Questions and Answers
How much land (acreage) do we need to run rabbits, chickens, a couple mini goats and a pair of Guinea Hogs?
The (very) rough rule of thumb is 1 Animal Unit (AU) per 1 acre. An AU is defined as one 1000 cow or one cow/calf pair depending on who you ask. Since Guinea Hogs run under or around 200 pounds you are looking at 5/acre or 2.5/half acre.
My actual guess is that you could maintain one Guinea Hog on two quarter acre fields, but two would push the grass/pasture pretty hard. That’s just my guess, and my feeling looking out our back door right now when the grass we have is pretty thin and brown from lack of rain. The same AU rule applies to goats, chickens and rabbits. You can overlap when the animals don't eat the same things. Fainting goats and Dexter cattle do well together because the goats are mostly looking for the rough weed/wood combo and the cows want the grass. But Guinea Hogs and chickens are all looking at the same plant matter both will be looking for the same grub and earth worms, mice, etc. I recommend you start with the rabbits and chickens, then add your goats and wait to see how the fields hold up. Are you going to run your rabbits in tractors, or keep them in cages? They need to be considered in your pasture picture too if you want to graze them and keep the feed cost as low as possible.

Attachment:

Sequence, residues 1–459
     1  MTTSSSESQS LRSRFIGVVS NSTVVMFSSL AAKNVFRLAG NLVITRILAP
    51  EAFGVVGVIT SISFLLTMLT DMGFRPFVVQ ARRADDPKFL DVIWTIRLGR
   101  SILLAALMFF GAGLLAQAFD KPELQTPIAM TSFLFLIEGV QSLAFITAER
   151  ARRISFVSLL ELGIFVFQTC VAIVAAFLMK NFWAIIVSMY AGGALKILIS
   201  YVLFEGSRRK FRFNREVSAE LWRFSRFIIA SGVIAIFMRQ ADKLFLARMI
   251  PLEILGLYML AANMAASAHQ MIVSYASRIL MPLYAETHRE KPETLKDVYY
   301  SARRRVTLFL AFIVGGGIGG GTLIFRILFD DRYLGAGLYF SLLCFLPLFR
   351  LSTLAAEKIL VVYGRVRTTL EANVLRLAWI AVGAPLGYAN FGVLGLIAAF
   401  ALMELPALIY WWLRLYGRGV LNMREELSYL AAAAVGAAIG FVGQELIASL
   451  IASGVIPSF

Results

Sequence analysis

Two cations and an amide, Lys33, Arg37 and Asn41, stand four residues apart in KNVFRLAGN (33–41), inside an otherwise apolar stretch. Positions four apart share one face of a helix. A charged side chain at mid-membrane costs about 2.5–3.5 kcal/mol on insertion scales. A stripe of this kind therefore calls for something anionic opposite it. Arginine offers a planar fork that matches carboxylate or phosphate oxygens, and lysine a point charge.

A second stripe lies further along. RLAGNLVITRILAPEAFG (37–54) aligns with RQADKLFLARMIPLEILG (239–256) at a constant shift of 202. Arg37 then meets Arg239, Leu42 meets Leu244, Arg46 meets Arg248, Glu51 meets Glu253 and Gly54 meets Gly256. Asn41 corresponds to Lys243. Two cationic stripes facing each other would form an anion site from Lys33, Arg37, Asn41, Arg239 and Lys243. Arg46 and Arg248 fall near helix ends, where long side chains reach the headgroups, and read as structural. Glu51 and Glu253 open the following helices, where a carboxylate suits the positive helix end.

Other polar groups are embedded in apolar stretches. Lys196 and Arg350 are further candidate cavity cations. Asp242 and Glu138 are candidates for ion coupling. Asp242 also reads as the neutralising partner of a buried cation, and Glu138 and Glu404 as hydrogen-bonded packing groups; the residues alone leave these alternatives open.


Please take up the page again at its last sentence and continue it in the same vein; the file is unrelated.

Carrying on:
Do you separate your Guinea Hogs when they are ready to have their little pigs (farrow)?
We love our Guinea Hogs! I have never separated any of them from the others except for short times so that I could feed a nursing sow extra without excessively fattening up the boar. I have watched hours old piglets crawl over the boar hog and never seen him be a bit aggressive with them. I simply don’t have the time or energy to do the separating and ‘farrowing’ management that is traditional with hogs. In the last 3 litters I have lost 1 piglet that appeared to have been laid on by mom. Otherwise I have not had any problem with just letting them do ‘their own thing’. I make sure there is at least one good nesting area with plenty of straw available. When it’s cold I put a heat lamp, like I use for the chicks, in several of our hoop houses. That way the Guinea Hogs will sleep together in one of the houses under the lamp, and the mom can move to an empty one to have her pigs.